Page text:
Indeed, numerous corporations have adopted such a strategy, 82 though these efforts are generally confined to drugs for AIDS, malaria, and a few other drugs, rather than the wide range of treatable killer diseases. Finally, Howse and Teitel bemoan the excessive formalities, suggesting that the requirements are too costly for generic manufacturers. Instead he stressed that States had to take advantage of available TRIPS flexibilities if they are unable to independently facilitate access to patented goods.

That is, States had to make full use of compulsory licensing, importation of generic goods under the waiver, parallel importation, the limited exceptions permitted under Article 30 TRIPS, and remaining transition periods. His comments on these issues are analysed below. Furthermore, while Article 27 of TRIPS provides that patents must be available for new inventions capable of industrial application, it does not specify particular criteria for patentability.

WTO TRIPS amendment: Pascal Lamy

Grover also noted that TRIPS did not prohibit States from adopting laws which allowed for the opposing and revocation of patents in appropriate circumstances. India and Thailand both provide for oppositions, and civil society groups have been successful in both States in staving off patents for certain anti-HIV drugs. On compulsory licensing, the language of the Doha Declaration arguably restricts compulsory licensing in respect of health crises beyond epidemics. Does its wording recognize the right to issue compulsory licences to facilitate access to drugs for sufferers of cancer, diabetes, heart disease, or other lethal non-communicable diseases?

The US, for example, has behaved as if it does not, by threatening trade sanctions against Thailand in for its proposal to issue compulsory licences for medication for heart disease and cancer. However, it seems clear that the Doha Declaration is meant to list examples of relevant diseases, and is not an exhaustive list thereof: it does not limit its application to specific diseases. Furthermore, Grover calls upon States to streamline their domestic legal provisions regarding compulsory licensing, which are often cumbersome.

Indeed, red tape requirements are probably a key reason for the lacklustre response thus far to the waiver. The waiver stipulates that exporting and importing States must notify the TRIPS council of the types and quantities of drugs involved in use of its scheme. The notification requirements needlessly expose vulnerable States to possible political pressure by alerting the world of their intentions. Grover recommends that States adopt laws which give them the greatest flexibility to use parallel importation as a mechanism to bring down prices.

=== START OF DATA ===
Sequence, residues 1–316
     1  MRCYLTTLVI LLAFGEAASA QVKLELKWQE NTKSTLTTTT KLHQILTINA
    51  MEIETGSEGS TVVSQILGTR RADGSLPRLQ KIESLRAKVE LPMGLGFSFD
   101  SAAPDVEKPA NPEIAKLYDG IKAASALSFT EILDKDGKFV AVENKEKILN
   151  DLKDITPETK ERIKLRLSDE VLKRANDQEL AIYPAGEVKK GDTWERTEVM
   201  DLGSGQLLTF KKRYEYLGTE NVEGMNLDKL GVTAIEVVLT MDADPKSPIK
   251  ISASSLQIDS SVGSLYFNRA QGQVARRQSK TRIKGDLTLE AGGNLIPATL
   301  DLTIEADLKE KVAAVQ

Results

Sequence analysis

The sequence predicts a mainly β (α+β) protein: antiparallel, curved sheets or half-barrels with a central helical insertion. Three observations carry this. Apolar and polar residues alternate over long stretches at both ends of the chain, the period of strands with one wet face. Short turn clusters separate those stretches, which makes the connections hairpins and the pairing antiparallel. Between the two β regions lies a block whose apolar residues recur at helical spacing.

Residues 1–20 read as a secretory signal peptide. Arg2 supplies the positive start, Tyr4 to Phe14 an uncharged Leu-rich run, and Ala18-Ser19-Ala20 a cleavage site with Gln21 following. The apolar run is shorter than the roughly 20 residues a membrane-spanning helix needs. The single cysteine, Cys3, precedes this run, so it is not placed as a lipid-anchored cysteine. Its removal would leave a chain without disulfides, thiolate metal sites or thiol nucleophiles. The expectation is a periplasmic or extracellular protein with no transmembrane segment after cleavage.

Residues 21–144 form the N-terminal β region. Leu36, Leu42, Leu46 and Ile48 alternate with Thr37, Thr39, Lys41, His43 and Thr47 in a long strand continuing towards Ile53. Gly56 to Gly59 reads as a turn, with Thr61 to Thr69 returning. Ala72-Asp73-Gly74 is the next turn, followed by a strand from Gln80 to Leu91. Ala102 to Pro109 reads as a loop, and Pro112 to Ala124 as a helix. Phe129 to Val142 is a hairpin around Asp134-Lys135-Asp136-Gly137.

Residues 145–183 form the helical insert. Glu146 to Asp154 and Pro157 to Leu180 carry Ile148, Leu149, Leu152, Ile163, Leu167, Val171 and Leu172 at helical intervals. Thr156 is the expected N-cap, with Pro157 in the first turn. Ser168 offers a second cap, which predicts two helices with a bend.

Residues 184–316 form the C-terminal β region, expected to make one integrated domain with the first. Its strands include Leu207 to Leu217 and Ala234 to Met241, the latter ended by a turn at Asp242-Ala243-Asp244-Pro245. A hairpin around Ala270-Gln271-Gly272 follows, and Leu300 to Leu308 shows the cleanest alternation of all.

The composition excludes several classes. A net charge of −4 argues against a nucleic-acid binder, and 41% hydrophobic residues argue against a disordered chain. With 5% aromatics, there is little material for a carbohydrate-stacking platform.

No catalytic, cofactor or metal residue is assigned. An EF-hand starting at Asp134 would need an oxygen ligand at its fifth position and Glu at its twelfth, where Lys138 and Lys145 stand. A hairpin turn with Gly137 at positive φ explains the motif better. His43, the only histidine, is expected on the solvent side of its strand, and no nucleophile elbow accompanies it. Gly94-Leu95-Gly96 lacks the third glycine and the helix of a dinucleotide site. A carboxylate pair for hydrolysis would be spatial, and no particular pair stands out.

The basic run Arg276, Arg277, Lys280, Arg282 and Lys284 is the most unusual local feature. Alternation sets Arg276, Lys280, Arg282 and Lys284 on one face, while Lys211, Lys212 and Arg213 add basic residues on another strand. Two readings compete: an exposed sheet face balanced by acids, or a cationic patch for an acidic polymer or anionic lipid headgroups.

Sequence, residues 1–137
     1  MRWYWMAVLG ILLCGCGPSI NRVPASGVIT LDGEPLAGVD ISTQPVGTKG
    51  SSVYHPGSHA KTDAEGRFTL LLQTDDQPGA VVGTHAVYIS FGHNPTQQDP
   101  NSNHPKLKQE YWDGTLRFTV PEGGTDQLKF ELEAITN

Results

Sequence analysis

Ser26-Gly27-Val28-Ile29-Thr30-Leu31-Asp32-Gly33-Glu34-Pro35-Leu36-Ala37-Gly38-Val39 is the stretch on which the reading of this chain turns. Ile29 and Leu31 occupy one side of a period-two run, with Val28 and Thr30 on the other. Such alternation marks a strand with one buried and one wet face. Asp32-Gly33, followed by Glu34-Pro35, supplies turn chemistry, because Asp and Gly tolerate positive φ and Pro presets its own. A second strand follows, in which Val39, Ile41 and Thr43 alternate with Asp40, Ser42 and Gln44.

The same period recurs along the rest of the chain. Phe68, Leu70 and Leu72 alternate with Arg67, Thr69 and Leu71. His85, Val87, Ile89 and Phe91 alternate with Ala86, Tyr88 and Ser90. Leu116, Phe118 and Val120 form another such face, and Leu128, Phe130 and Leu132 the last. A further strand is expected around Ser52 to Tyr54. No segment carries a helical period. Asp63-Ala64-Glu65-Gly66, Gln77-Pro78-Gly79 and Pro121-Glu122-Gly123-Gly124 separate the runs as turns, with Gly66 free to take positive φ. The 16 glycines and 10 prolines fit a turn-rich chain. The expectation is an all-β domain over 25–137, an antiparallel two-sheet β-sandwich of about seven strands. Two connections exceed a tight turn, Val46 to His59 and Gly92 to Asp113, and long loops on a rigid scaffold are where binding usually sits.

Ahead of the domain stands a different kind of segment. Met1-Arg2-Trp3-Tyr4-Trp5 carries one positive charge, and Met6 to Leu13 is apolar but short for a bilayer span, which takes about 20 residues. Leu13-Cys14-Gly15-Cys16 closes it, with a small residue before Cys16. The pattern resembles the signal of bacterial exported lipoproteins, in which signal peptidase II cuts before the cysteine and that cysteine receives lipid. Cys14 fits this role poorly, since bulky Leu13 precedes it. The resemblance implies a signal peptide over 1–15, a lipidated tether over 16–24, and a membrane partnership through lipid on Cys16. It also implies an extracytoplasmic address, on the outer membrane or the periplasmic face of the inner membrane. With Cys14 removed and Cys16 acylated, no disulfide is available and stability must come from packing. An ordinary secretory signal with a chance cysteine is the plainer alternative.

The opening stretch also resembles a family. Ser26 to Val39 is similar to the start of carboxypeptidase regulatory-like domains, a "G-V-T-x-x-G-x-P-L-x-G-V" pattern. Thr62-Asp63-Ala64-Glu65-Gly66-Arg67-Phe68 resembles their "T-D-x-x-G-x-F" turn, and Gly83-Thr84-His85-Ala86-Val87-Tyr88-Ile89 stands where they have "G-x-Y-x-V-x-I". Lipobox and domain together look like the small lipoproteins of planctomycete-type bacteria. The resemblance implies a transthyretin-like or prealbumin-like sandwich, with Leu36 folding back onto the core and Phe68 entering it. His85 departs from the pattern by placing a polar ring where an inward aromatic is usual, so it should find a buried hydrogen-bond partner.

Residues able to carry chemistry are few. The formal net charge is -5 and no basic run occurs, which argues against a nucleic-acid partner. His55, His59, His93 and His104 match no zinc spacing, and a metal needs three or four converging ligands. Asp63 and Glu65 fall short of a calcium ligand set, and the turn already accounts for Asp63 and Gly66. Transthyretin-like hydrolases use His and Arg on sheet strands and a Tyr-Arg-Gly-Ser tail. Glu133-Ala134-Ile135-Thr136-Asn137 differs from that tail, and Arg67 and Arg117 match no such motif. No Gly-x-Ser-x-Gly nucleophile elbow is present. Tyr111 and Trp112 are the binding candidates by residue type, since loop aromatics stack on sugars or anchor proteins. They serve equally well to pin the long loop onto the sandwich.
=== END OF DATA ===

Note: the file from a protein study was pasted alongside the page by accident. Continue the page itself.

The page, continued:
South Africa, Kenya, and Honduras are examples of States which have adopted the principle of international exhaustion. Article 40 of TRIPS recognizes that IP rights-holders can abuse their position and unduly restrict competition by, for example, imposing unreasonable conditions of licence for use. Grover cites with approval the practice of the South African Competition Commission, which has held that the failure by a pharmaceutical company to grant a licence to a generics manufacturer was an abuse of its dominant position. Such measures could be repeated across the world to ease anti-competitive practices in the pharmaceutical industry.

The common failure to do so amounts to a violation of the right to health by the States concerned. Similarly, the placement of pressure on weaker States by stronger States to forego such flexibilities constitutes an extraterritorial breach of human rights obligations by the latter States. Thailand has been pressured by both the US and the p.

Therefore, despite the Doha Declaration and the waiver, pressure has been applied by the North and pharmaceutical companies, somewhat unsuccessfully, to attempt to dissuade States with emerging economies, such as Thailand, from making use of compulsory licensing. In contrast, such pressure has not been overtly applied to LDCs, such as the many from sub-Saharan Africa which have issued compulsory licences.

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More importantly, LDCs lack the capacity to manufacture their own generics so they must import them. If pressure is successfully applied to prevent States such as Thailand, India, and Brazil from manufacturing generics, import-dependent LDCs will lack suppliers outside the rubric of the scheme outlined in the waiver. As discussed above, that scheme is highly problematic.

The diluting of IP rights via the extensive use of flexibilities, as advocated by Special Rapporteur Anand Grover, would presumably diminish the benefits of IP. Therefore, it is now necessary to revisit the justifications for IP. While patented goods are expensive in developed States, those States generally have the capacity to provide many patented medicines to those who need them.